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“I like to think we’re not just a global business school; we are intergalactic,” says Professor Wilfried Vanhonacker, dean of the Moscow School of Management Skolkovo, whose new building looks more like a spaceship than an academic campus.

Prof Vanhonacker moved to Russia in 2008 after two decades in China, where he helped establish the China Europe International Business School in Shanghai, and his approach to teaching MBAs is, if not otherworldly, certainly revolutionary.

Most business schools focus on preparing students for careers in Europe and the US, while global growth now centres on the Bric economies, says the dean. Also, many MBAs are heavily theoretical and classroom based. The Skolkovo MBA focuses instead on emerging markets and experiential learning. It comprises four months’ classroom-based study and a year spent on projects in companies and government departments in Russia, the US and China or India.

Students also have to found a start-up, which is eligible to win funding from Skolkovo’s venture capital fund.

Multinationals will see most of their growth in the next 20 years in emerging markets where the business climate is volatile, says the dean. The Skolkovo MBA is designed to ready students for these challenges. “Traditional business schools were not preparing the talent the market needed – entrepreneurial leaders for difficult environments.”

Skolkovo’s approach is to give students experience of working in daunting environments, ranging from dealing with provincial Russian bureaucrats to living in a dormitory in a Chinese factory town.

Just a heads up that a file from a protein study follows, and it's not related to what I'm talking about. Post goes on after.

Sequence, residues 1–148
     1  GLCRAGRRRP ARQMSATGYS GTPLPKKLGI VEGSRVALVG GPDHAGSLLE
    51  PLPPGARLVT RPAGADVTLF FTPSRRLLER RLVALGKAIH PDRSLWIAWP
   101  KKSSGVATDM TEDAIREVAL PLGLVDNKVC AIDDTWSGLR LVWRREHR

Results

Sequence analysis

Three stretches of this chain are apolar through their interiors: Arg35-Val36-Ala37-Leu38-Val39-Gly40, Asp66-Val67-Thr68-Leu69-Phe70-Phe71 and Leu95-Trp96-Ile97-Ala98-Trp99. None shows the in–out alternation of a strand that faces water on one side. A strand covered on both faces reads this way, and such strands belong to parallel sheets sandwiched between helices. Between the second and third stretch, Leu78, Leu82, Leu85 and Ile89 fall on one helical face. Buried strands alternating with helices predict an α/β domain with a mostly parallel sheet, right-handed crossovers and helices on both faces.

“You will not learn anything about China or Russia looking out of the window of a five-star hotel,” says Prof Vanhonacker.

A coach provides one-on-one leadership development, while team coaching, stress management, communications, conflict management and motivation are also covered. “We put the students in groups to work together on projects in companies. We deliberately pick groups of people that might find it difficult to work together,” the dean says.

Kane Cuenant, a Canadian who previously worked as an analyst for Bureau Veritas, the French inspection group, says what attracted him to Skolkovo was the experiential nature of the degree. “I looked at a lot of schools in developed markets, but what they offered didn’t seem to give a real enough experience of working in emerging markets. The value of working with government officials in developing markets is something you just can’t teach in a classroom.”

The school asks applicants to submit three videos instead of the usual essay. “We are recruiting from the YouTube generation,” says Prof Vanhonacker. “You can tell a lot more about someone by watching a video than by reading an essay.”

Skolkovo’s first MBA class in 2009 had 40 students, with 33 in 2010; 21 students signed up for the 18-month executive MBA in 2009, rising to 37 in 2010. The school aims to enrol 240 MBA students and 300 EMBA students a year by 2014.

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